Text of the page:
The Prompt: Write your own list of questions, large or small, profound or mundane. They can be questions from your imagination or questions from observation, personal questions, questions about the natural world, questions about your surroundings, questions you hope to know the answer to, questions without answer. Try to write as many questions as you can in 5 minutes. Then choose your favorite questions from the list to arrange into a poem.
Here are some question poems by my WITS students at Seattle Children’s Hospital:
“Poem of Questions” by Lizeth (Age 8)
Where does the sun go before the moon comes out?
Does it go down the hill by the water?
How do you make the color brown
when you really need it?
How do you make a pen that will write a letter
to my grandma in Mexico?
How does the snow come out of the sky?
Does it make the sky feel cold?
How do teeth grow and how do they
decide whether to become vampires?
How do batteries work?
Is their electricity fast as a magnet?
How did they put the hook-line in
while I was asleep with medicine?
Did it cut out a piece of my chest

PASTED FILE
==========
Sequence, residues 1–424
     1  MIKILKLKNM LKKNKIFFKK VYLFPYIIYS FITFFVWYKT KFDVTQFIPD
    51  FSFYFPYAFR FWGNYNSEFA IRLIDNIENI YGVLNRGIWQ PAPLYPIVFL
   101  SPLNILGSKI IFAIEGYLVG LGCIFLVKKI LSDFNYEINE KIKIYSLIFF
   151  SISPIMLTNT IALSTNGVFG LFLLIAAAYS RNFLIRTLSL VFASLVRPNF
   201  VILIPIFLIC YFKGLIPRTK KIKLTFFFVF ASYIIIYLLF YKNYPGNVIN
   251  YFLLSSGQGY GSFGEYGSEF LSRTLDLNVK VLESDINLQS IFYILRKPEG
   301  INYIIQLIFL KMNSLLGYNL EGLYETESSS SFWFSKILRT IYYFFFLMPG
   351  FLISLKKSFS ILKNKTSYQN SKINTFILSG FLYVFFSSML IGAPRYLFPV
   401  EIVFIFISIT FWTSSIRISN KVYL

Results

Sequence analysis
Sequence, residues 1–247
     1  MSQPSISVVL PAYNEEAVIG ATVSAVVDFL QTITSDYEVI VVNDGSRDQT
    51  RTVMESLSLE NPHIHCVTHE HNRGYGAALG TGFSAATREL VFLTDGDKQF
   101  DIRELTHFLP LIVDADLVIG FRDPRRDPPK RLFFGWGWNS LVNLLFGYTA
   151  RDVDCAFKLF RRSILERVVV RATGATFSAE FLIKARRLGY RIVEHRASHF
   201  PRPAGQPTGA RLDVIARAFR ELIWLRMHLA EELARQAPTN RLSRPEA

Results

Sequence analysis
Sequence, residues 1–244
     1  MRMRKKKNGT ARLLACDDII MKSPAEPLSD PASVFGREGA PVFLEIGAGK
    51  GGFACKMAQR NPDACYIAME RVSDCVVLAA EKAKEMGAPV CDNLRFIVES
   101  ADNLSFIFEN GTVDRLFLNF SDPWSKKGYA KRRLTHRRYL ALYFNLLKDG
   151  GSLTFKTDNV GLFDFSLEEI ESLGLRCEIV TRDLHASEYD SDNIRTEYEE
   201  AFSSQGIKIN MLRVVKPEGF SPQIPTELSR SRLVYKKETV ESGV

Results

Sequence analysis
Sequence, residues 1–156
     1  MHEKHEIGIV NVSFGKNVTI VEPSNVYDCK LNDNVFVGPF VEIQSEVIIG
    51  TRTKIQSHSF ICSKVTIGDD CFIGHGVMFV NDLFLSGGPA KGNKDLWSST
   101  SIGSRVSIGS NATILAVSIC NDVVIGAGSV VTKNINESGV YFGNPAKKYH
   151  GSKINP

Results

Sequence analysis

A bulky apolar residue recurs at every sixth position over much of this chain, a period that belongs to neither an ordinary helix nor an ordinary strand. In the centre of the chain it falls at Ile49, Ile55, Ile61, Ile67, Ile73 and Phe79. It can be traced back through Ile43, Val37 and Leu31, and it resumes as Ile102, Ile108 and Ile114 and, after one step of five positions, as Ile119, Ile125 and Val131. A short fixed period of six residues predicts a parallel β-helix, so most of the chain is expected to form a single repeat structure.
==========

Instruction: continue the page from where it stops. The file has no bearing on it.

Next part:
to move past my neck, to my heart?
* * * * * * * *
from “Questions” by Heather (Age 10)
Will the world actually end in 2012
by volcanoes and earthquakes?
Why do monkeys like bananas?
Do bananas hate monkeys?
How did my dad learn squirrel language?
What color were the dinosaurs?
When will robots be invented to do our chores?
What will my sea-monkeys look like?
Prompt #2: By Laura Gamache, WITS Writer-in-Residence
The Lesson: Neruda brought the ode to the everyday, celebrating table and chair, scissors, the watermelon, French fries. For this “Smellorama” lesson, based on Neruda’s “Ode to a Bar of Soap,” I pass around sample smells – my favorites to use are coffee, rosemary, mentholatum, and lemon zest – and have students fill out a worksheet to help them create metaphors and similes for these scents.
Next, I’ll give a compressed history of the ode: Pindar celebrating Olympic athletes, the European use of ode to celebrate lofty ideas (including “Joy” – many kids have played part of Beethoven’s Ode to Joy, so singing some of that theme is fun and lights eyes). Then, I’ll show pictures from Absence and Presence, Alastair Reid’s picture book of collections in Neruda’s houses, with snippets of Neruda poems about his loved objects (ships in bottles, figureheads, stirrups, giant shoe from a shoe repair shop, life size plaster of paris horse, his writing table made from a door that washed ashore.)